Linkage is based on the co-segregation of marker variants and disease in families. In humans, the frequency of crossovers in meiosis is such that each gametic genome has on average only around 35 crossover points. Co-segregation should therefore be detectable for marker loci quite far away from the disease-causing variant. Because linkage operates over long genetic distances, a positional mapping approach based on linkage can cover the entire genome by using a relatively small number of highly polymorphic markers. Standard marker sets for whole-genome linkage scans, based on 200–800 microsatellite polymorphisms, which became available in the 1990s, enabled the successful mapping of hundreds of rare single-gene disorders.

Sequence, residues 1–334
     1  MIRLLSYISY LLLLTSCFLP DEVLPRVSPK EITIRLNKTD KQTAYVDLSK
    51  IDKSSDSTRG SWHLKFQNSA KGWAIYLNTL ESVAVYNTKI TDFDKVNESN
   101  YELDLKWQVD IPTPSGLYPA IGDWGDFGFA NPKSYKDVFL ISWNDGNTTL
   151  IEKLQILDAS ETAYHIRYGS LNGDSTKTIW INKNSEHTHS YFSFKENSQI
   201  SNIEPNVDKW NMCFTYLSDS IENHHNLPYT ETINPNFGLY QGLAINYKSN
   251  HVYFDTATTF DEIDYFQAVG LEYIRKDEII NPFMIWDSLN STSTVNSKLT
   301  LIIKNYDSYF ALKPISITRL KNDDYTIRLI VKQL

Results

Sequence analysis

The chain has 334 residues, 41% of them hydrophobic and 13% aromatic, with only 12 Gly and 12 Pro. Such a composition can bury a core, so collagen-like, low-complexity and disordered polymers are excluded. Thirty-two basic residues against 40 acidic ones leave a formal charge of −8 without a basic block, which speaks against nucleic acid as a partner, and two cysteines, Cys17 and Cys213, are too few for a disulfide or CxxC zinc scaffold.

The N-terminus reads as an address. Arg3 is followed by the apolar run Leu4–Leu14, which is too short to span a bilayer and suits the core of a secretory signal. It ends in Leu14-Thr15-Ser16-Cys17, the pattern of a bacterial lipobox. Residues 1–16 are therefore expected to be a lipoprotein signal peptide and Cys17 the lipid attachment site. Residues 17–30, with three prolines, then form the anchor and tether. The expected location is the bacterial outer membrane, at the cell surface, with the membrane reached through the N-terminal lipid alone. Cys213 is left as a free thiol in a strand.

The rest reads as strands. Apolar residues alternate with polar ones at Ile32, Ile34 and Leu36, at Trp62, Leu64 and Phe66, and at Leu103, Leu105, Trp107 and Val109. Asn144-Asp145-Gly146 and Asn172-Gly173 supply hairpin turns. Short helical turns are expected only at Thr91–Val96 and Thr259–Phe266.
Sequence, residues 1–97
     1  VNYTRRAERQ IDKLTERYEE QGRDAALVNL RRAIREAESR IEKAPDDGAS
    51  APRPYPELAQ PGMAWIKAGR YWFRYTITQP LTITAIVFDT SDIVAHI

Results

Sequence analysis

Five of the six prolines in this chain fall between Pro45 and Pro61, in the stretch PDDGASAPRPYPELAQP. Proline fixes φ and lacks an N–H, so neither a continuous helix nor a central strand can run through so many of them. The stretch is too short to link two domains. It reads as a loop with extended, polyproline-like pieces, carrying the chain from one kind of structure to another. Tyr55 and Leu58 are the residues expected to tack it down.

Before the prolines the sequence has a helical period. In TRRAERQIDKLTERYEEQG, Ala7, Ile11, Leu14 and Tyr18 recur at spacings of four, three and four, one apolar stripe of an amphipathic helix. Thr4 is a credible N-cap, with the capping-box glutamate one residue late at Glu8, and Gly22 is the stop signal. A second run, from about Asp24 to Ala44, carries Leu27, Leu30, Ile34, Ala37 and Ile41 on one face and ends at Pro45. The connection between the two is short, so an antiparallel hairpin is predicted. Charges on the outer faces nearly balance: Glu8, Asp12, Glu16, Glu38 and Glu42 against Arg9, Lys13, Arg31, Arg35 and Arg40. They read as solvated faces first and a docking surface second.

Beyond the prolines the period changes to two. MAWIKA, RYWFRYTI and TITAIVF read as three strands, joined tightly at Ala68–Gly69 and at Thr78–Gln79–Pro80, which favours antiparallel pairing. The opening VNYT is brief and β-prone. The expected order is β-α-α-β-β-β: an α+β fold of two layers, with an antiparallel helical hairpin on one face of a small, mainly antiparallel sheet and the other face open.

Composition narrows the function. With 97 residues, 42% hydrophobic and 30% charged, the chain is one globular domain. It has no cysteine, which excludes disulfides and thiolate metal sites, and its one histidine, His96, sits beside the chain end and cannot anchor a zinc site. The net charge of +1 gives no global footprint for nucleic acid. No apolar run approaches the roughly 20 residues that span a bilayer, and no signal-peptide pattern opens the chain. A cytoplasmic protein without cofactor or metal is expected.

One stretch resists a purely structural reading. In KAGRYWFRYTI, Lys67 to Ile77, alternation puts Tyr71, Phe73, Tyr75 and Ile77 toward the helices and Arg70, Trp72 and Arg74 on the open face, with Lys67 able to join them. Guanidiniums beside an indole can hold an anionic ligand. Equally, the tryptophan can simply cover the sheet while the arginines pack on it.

Classical linkage analysis is typically carried out using the lod-score method, which is based on a single major locus parameterized by the disease allele frequency and the penetrances (conditional probability of disease) of the three disease locus genotypes. For Mendelian diseases, the values of these parameters can be easily specified from the results of population prevalence studies and segregation analyses. For complex disease, the SML model is likely to be simplistic, and appropriate values of the model parameters unknown, and indeed may be different for different loci. Nevertheless, classical linkage analysis has been optimistically applied to complex diseases, particularly on pedigrees with an unusually large number of affected individuals. There have been some successes of this approach; for example, the identification of loci responsible for early-onset familial breast cancer, maturity-onset diabetes in the young and early-onset Alzheimer's disease. However, the patients in these successful linkage studies represent only a very small proportion (<5%) of the overall incidence of each of the complex disease. When successful, the families involved are usually large and have a pattern of inheritance that is very close to autosomal dominant with high penetrance. For collections of smaller families with less clear-cut Mendelian inheritance, the results of classical linkage analysis are much more often unconvincing and difficult to replicate. Examples of non-replicated linkage findings include schizophrenia and bipolar affective disorder.